The effect of fentanyl on the transfer of small hydrophilic molecules across the blood-brain barrier was studied in rats by measuring the blood-brain transfer coefficient (K(i)) and the regional cerebral blood flow (rCBF) and by calculating the capillary permeability surface area product. In the control group (n = 14), after a femoral artery and vein were catheterized under isoflurane anesthesia, the rats were allowed to remain awake for 1.5 h before measuring K(i) (n = 8) using intravenous 14C-α-aminoisobutyric acid or rCBF (n = 6) using 14C-iodoantipyrine. In the fentanyl groups, rats were injected with 25 μg/kg (low dose) (n = 6) or 100 μg/kg (high dose) of fentanyl (n = 14), followed by a continuous infusion at a rate of 50 or 200 μg·kg-1·h-1, respectively. Their lungs were mechanically ventilated. The K(i) (low dose, n = 6; high dose, n = 8) and rCBF (high dose, n = 6) were measured 1 h after fentanyl infusion. The K(i) was lower in 9 of 13 brain regions in the low-dose fentanyl group and in 7 of 13 brain regions in the high-dose fentanyl group than in the control animals. The average value of K(i) in all the brain regions was 8.6 ± 4.6 μL·g-1μin-1 in the control group, 5.2 ± 2.9 μL·g-1·min-1 in the low-dose fentanyl group, and 5.7 ± 2.9 μL·g-1.min-1 in the high-dose fentanyl group. High-dose fentanyl did not significantly affect rCBF in any brain region studied. The value of the regional permeability-surface area product was similar to the corresponding regional K(i) in the groups studied. In conclusion, fentanyl decreased the transfer of small hydrophilic molecules across the blood brain barrier, as demonstrated by a decreased K(i) and permeability-surface area product, without significant changes in rCBF.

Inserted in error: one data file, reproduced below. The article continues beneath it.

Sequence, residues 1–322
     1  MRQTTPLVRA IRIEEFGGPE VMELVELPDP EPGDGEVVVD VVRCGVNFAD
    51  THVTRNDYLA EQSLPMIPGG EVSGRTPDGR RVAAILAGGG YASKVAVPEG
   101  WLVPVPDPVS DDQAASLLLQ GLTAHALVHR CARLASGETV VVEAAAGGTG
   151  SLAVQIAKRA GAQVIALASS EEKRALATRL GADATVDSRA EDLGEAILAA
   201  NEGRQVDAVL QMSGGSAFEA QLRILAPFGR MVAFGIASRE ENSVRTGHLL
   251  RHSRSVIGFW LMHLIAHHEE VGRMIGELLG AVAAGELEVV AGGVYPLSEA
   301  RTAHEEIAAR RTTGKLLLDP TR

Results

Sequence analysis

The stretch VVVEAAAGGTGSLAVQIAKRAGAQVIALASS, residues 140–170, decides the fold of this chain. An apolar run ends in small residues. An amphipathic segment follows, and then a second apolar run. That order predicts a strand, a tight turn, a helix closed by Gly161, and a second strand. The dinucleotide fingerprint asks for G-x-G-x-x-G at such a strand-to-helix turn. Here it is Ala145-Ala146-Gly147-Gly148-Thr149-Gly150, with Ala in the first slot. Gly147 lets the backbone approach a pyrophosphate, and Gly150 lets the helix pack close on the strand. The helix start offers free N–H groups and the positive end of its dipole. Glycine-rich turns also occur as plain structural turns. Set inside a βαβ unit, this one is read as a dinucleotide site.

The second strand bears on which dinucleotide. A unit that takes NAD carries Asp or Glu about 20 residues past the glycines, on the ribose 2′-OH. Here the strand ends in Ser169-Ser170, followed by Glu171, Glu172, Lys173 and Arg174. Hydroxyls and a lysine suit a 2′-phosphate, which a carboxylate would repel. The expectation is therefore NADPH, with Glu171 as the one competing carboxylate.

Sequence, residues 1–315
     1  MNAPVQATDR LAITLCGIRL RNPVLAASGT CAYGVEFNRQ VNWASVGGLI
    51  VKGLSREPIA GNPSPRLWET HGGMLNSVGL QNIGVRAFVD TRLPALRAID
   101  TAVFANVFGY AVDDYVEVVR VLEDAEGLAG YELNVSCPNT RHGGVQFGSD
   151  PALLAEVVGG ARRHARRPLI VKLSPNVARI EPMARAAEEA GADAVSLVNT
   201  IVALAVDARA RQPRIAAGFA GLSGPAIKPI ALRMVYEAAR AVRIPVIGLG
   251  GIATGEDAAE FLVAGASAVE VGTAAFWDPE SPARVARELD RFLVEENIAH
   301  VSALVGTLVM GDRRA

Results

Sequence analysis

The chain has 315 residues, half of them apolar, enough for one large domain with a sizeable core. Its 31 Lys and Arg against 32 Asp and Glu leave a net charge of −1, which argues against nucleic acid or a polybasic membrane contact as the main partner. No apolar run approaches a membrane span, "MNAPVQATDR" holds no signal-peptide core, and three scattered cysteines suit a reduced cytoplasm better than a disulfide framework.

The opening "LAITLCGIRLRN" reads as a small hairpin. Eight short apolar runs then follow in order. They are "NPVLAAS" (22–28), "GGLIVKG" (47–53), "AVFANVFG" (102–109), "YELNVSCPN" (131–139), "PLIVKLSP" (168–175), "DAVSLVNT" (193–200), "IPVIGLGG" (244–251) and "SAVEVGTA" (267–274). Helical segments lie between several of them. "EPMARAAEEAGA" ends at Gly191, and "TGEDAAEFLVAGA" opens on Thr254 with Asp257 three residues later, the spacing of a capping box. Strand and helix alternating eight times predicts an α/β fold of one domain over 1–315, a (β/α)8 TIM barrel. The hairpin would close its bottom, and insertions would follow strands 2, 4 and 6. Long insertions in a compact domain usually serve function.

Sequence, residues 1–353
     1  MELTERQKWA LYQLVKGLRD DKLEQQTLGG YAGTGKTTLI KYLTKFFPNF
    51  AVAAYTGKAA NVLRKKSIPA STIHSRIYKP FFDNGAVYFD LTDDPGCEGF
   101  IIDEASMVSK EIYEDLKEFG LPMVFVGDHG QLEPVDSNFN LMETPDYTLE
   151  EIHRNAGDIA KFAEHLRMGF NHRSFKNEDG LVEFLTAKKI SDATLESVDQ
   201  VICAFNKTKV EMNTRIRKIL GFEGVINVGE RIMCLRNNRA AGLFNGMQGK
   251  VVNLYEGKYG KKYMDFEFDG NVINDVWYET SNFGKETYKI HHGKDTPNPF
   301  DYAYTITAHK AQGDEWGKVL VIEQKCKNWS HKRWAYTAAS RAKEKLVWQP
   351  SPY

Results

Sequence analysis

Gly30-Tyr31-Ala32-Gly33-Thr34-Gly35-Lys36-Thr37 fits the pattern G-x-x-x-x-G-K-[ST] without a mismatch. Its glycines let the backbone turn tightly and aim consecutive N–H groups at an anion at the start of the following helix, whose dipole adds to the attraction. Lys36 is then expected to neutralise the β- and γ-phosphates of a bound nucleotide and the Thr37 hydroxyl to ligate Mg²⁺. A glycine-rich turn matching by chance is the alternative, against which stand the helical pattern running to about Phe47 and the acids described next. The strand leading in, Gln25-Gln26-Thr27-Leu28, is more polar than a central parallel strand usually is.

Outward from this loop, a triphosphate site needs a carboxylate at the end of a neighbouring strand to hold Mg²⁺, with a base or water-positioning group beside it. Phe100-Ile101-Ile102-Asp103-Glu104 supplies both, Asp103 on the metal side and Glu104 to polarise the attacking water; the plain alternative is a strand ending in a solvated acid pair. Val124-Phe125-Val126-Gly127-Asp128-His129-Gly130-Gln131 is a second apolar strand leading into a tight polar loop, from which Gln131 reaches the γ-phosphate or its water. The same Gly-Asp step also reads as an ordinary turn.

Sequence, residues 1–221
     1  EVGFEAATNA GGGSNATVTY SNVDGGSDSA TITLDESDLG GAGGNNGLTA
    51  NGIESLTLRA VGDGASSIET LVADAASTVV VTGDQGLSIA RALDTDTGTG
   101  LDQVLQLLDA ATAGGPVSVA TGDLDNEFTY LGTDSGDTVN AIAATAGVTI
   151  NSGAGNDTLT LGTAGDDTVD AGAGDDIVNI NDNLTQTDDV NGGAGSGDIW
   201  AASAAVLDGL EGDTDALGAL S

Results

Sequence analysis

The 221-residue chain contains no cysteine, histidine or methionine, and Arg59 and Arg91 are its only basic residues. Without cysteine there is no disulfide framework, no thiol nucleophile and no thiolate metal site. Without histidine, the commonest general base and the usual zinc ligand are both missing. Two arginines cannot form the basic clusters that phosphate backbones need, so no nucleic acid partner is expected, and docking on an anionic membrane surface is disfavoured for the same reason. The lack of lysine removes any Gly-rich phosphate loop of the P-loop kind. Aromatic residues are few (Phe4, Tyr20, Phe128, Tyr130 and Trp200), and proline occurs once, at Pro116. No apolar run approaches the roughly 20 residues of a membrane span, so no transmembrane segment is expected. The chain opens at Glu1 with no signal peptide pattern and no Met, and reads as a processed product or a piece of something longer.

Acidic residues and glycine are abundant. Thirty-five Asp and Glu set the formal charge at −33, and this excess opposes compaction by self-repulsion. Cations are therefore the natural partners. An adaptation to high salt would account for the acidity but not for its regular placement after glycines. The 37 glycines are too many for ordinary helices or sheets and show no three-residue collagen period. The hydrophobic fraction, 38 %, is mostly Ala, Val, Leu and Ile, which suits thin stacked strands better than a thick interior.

|Original language||English (US)|
|Number of pages||6|
|Journal||Anesthesia and analgesia|
|State||Published - 1992|
All Science Journal Classification (ASJC) codes
- Anesthesiology and Pain Medicine